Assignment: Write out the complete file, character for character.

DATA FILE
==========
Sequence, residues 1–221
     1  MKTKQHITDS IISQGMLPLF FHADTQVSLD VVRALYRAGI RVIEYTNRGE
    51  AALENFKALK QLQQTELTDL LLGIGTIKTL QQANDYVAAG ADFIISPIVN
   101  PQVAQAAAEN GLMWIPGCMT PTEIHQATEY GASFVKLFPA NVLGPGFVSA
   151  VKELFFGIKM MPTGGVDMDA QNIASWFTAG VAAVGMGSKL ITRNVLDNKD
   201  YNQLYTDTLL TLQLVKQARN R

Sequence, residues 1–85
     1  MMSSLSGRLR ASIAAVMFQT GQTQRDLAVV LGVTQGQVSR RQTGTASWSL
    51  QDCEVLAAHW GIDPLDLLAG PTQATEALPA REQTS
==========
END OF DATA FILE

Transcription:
Sequence, residues 1–221
     1  MKTKQHITDS IISQGMLPLF FHADTQVSLD VVRALYRAGI RVIEYTNRGE
    51  AALENFKALK QLQQTELTDL LLGIGTIKTL QQANDYVAAG ADFIISPIVN
   101  PQVAQAAAEN GLMWIPGCMT PTEIHQATEY GASFVKLFPA NVLGPGFVSA
   151  VKELFFGIKM MPTGGVDMDA QNIASWFTAG VAAVGMGSKL ITRNVLDNKD
   201  YNQLYTDTLL TLQLVKQARN R

Sequence, residues 1–85
     1  MMSSLSGRLR ASIAAVMFQT GQTQRDLAVV LGVTQGQVSR RQTGTASWSL
    51  QDCEVLAAHW GIDPLDLLAG PTQATEALPA REQTS